British Man Arrested for Hacking NASA, Pentagon

Extradition uncertain for U.K. man charged with breaching government networks.

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Federal prosecutors revealed on Monday that British citizen Lauri Love was arrested in the U.K. for allegedly hacking databases of the U.S. Army, the U.S. Missile Defense Agency, the Environmental Protection Agency and NASA, but it is unclear whether he will be extradited to America for trial.

[READ: Hackers Attack NASA's Website to Protest NSA]

British officials arrested Love on Friday in the U.K. for violating that nation's Computer Misuse Act, and he is also charged in New Jersey District Court for the unauthorized breach of computer networks between October 2012 and October 2013, said U.S. Attorney Paul Fishman in a statement. Federal prosecutors made public the indictment against Love on Monday. Love, a resident of Stranishall, U.K., is facing charges in New Jersey because he allegedly sent data through a server in that state, but he is also facing similar charges of computer hacking in the Eastern District of Virginia.

The filing also lists two other co-conspirators believed to reside in or near Australia and a third co-conspirator believed to reside in or near Sweden, who are not charged.

"Love and conspirators hacked into thousands of networks, including many belonging to the United States military and other government agencies," Fishman said. "As part of their alleged scheme, they stole military data and personal identifying information belonging to servicemen and women. Such conduct endangers the security of our country and is an affront to those who serve."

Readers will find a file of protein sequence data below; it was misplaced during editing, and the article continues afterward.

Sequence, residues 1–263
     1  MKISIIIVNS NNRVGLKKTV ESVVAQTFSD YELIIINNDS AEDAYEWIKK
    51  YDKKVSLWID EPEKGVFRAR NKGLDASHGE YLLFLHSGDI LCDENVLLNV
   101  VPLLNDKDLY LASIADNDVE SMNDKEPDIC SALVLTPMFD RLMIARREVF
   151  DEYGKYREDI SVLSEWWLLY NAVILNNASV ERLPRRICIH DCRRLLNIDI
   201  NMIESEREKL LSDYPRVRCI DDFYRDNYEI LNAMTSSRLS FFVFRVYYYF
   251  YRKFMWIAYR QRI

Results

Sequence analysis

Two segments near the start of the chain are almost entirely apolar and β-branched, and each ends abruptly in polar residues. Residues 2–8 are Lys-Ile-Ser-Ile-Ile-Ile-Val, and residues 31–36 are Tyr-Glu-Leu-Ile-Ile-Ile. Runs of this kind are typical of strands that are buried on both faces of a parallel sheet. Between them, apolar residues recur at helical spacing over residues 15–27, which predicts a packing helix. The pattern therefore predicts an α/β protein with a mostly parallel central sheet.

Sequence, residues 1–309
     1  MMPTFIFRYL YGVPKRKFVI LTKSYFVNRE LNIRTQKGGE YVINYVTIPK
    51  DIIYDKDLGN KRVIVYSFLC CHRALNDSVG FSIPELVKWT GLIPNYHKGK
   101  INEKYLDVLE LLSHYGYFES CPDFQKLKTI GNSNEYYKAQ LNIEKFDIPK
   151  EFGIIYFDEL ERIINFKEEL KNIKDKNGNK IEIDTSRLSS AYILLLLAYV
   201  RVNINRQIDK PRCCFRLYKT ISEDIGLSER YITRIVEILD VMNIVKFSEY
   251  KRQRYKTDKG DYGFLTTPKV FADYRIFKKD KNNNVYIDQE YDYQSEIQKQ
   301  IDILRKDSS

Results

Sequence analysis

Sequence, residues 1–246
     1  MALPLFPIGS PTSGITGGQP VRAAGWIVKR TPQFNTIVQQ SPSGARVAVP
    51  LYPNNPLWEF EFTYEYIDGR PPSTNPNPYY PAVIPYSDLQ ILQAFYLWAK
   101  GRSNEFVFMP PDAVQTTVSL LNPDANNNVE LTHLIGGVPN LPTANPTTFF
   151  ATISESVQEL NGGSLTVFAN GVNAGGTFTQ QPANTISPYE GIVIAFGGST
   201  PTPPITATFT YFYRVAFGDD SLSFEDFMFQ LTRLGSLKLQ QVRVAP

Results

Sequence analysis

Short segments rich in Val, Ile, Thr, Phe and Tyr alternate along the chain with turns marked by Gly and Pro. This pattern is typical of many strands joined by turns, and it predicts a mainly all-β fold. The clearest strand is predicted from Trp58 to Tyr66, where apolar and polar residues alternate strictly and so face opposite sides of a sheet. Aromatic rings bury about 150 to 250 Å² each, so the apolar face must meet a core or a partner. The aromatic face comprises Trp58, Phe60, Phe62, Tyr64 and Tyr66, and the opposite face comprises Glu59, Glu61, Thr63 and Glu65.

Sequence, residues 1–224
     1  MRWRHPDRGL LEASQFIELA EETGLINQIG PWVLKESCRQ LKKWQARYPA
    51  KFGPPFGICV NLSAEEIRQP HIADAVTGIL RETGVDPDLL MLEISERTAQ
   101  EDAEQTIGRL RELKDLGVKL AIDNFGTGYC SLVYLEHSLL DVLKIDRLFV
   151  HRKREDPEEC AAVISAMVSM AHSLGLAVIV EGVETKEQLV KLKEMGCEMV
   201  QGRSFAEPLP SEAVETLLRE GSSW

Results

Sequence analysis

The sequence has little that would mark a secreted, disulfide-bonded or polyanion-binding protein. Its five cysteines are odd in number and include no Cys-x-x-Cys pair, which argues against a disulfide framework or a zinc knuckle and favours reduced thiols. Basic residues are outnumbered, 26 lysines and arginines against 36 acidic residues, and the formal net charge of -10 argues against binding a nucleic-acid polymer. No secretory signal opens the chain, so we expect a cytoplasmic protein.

The hacks were conducted through "back doors" within the networks that allowed repeated intrusions on the networks once they were compromised.

It is unclear what the purpose of the hacks were, and "it is too early to talk about" whether Love will be extradited to the U.S. for trial, says Rebekah Carmichael, spokesperson for the New Jersey U.S. Attorney's Office.

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"We are going to be in contact with our counterparts in the U.K. to determine the best way forward," Carmichael says.

These hacks represent the ability of U.S. and UK officials to cooperate on cybersecurity crime enforcement, but they also illustrate the increasing risk of computer intrusions to national security and the military, according to a public statement from Daniel Andrews, director of the U.S. Army Criminal Investigation Command's Computer Crime Investigative Unit.

"The borderless nature of Internet-based crime underscores the need for robust law enforcement alliances across the globe," Andrews said.

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